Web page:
There are really only two negatives to say about the controller in its current state. First, the triggers aren’t up to par. They’re sticky, they don’t register input until you’ve already pushed them almost all the way in, and they have a general plasticky, wobbly feeling to them as they’re pressed down. They stick out like a sore thumb compared with the extreme quality of every other button on the Gamevice.

If you like the triggers on the Xbox One controller, you’ll like them on the Gamevice – assuming the flaws are corrected

The second is the lack of power passthrough. This one is a little bit technical, so let me explain. When you connect your iPad to the Gamevice using the Lightning port, you are obviously prevented from using that Lightning port to charge your iPad. The workaround would be that you charge the iPad by plugging the Gamevice into a charger via it’s Micro USB port, and the Gamevice would be smart enough to route power to the iPad through the Lightning adapter. This is how the Logitech PowerShell works.

To make a long story short, the prototype Gamevice I have does not allow that – there is no way to play and charge your iPad at the same time, which means when you run out of power, playtime stops. The good news is, this is 100% confirmed to be fixed in the final version. The lack of power passthrough was apparently due to the rush to get pre-production samples ready for CES, and the final production version of the controller will support it.

As for the triggers, I’ve been told they’re being tweaked, but I’ll reserve judgement until I get my hands on a final version of the controller. Luckily, we shouldn’t have too long to wait for that; the Gamevice is scheduled to go on sale this March.

The Gamevice Ecosystem

Multiple versions of the Gamevice are scheduled to go on sale in near future. The current design requires separate versions for the iPad Air and iPad Mini, though it’s possible that these will be consolidated into one design before the product goes on sale. Either way, in addition to the iPad Mini compatible preview unit I was given, I was able to spend a little time with the iPad Air version, and I’m happy to say it still plays great with the larger tablet – no weight issues or bulk, as you might fear.

The Gamevice is more than just a great controller, though. There are a couple of additional features that take the Gamevice to places none of the other MFi controller makers have gone. There is a second model of the Gamevice scheduled to go on sale, and it was this version that really caught my interested. While the details haven’t been made public yet, there is a special edition of the Gamevice that will include an integrated wireless LTE hotspot. This version will go on sale as an exclusive to one of the major carriers, and will allow up to 7 devices to connect wirelessly. As for the cost, it won’t be significantly more expensive than the normal Gamevice. The wireless service will be priced… lets just say aggressively. Aggressively to the point where if this product ships with the service it’s planned to, it would be worth recommending to anyone with an iPad solely for the wireless hotspot feature.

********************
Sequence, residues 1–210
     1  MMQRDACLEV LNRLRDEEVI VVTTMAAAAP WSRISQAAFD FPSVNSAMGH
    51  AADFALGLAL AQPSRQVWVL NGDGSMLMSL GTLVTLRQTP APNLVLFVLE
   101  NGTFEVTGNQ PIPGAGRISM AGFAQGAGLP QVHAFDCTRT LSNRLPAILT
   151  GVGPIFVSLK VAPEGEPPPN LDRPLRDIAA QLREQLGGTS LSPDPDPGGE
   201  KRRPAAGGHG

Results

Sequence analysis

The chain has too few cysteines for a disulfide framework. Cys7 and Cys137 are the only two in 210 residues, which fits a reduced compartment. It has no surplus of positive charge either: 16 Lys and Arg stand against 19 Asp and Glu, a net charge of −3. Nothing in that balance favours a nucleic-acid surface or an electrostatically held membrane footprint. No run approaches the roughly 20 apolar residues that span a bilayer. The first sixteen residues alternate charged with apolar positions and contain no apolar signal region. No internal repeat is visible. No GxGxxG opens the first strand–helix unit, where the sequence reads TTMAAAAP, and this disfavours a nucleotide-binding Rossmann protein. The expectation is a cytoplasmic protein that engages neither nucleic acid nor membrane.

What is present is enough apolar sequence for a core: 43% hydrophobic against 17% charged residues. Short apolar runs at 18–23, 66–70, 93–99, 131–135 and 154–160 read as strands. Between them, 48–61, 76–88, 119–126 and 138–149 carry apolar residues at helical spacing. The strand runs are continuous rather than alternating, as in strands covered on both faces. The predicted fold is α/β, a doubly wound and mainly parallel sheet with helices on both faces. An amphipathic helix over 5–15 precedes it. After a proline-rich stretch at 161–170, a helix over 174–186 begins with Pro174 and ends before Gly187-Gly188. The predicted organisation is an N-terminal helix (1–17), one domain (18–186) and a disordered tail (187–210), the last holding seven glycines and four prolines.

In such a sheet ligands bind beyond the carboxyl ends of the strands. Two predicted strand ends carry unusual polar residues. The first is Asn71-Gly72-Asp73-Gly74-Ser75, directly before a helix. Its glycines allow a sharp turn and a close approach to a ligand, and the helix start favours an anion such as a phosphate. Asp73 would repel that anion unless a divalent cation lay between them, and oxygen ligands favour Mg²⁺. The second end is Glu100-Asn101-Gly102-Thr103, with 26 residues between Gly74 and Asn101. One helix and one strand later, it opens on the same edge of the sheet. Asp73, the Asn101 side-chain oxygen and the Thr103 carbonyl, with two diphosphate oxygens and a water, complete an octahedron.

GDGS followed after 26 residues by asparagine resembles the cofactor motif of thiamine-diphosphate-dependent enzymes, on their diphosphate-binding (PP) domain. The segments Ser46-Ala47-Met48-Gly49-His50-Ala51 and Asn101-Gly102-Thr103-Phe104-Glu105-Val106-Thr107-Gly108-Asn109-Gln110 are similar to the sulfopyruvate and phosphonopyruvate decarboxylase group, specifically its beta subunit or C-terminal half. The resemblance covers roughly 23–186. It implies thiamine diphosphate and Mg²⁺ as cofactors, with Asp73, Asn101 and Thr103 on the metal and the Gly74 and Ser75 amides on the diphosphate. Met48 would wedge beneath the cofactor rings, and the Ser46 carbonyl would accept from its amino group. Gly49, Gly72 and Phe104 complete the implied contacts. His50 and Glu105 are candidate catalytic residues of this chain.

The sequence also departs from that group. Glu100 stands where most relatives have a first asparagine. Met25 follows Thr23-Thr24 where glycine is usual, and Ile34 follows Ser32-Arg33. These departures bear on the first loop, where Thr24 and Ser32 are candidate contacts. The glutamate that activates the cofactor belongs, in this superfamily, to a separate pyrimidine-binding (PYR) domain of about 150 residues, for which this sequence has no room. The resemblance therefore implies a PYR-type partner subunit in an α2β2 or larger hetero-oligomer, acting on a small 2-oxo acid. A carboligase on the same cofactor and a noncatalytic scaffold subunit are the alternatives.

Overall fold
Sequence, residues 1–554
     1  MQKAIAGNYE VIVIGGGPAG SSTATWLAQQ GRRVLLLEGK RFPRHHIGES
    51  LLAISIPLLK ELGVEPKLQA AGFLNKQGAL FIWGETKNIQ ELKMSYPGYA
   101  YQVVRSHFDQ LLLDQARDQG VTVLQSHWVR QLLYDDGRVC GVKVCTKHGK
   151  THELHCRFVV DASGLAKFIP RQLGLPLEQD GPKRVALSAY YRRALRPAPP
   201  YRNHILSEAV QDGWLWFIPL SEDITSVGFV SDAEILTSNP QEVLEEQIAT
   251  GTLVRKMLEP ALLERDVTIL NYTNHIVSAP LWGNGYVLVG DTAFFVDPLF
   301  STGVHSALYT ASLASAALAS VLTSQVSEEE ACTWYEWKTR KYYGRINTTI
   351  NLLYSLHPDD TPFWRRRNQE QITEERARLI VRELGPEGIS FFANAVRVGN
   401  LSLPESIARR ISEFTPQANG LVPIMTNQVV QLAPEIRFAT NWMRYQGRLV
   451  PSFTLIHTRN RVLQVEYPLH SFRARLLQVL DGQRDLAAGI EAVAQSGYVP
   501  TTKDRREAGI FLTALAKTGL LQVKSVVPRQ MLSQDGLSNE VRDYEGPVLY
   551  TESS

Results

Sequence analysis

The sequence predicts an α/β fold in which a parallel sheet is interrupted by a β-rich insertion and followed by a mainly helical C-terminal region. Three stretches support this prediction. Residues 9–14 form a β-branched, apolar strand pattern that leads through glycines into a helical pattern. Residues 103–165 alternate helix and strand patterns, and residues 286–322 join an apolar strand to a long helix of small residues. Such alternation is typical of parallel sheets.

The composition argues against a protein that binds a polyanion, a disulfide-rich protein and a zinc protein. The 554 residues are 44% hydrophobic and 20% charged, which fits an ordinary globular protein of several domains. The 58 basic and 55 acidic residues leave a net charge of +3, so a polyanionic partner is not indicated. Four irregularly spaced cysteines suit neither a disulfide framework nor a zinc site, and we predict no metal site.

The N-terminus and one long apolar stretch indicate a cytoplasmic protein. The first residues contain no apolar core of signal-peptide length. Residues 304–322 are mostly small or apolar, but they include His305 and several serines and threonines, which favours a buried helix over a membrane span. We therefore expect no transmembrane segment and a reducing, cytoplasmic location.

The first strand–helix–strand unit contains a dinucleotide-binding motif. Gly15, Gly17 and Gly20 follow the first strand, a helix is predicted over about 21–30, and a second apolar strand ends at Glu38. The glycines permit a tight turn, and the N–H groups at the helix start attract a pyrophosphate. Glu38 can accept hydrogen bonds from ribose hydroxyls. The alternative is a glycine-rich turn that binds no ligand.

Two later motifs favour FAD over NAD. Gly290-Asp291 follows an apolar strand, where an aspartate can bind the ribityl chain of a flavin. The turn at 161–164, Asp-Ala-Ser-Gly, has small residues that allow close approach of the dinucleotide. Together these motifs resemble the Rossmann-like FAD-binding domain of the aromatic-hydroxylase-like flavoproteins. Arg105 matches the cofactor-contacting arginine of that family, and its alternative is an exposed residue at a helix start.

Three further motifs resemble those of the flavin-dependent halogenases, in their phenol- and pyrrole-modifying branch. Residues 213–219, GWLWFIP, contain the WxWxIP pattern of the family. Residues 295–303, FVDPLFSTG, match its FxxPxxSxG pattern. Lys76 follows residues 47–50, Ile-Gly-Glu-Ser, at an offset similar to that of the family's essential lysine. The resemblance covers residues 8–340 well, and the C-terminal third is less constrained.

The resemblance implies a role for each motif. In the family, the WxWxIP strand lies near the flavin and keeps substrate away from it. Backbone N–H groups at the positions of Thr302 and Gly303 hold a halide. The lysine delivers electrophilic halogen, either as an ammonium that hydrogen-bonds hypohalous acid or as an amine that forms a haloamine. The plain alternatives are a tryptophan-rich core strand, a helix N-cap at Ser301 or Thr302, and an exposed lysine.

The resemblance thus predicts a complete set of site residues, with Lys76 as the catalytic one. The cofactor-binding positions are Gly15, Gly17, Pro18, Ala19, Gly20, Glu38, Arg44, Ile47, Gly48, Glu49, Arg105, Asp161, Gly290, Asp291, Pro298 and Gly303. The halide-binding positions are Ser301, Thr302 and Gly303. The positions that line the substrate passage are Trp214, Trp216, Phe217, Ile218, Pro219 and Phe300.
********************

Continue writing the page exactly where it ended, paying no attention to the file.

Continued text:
Further rounding out the ecosystem, the people behind Gamevice recently released an iOS gaming website, called Hands-On, that will contain information and reviews about Gamevice-compatible iPad games. Not a bad idea; it shows a commitment to the iOS ecosystem that is sorely lacking from the more general-focused controller makers.

The two-piece design is clever, compact, and rock solid

The folks behind Gamevice have one more thing coming, and it’s a big one. This plan isn’t quite ready to be made public yet, but let me just say this: a major development is coming soon for iOS gaming, and it’s going to dramatically increase interest in products like the Gamevice. We’re in for some good times ahead.

Versions of the Gamevice have also been announced for Android, Windows, and most importantly, the iPhone 6. But those are stories for another article.


After spending the past few weeks playing with the Gamevice, my opinion of it keeps going up. The creators have seemingly been able to avoid every pitfall suffered by the rest of the controller makers. The d-pad is absolutely killer, and puts the efforts of the other MFi controller makers to shame. The rest of the controller is just as good; everything here, save the questionable triggers, is as good as or better than what you’d find on any other MFi controller.

The analog sticks and buttons are top-class

Many iOS gamers spent the MFi controller program’s first year waiting for a really good Bluetooth MFi controller. For those gamers, there are finally a wealth of choices, all with different designs. The thing is, I was never one of those gamers. Locking an iPhone into a bluetooth controller’s grip at an odd angle or standing your iPad up on a desk and hunching over to the screen… those never seemed like a great way to play to me. The controller-case design was always what I wanted. Finally, after a year and a half, the Gamevice is the high-end controller case I’ve always wanted.

If everything goes as planned, all iPad versions of the Gamevice should go on sale this March for a price of $99.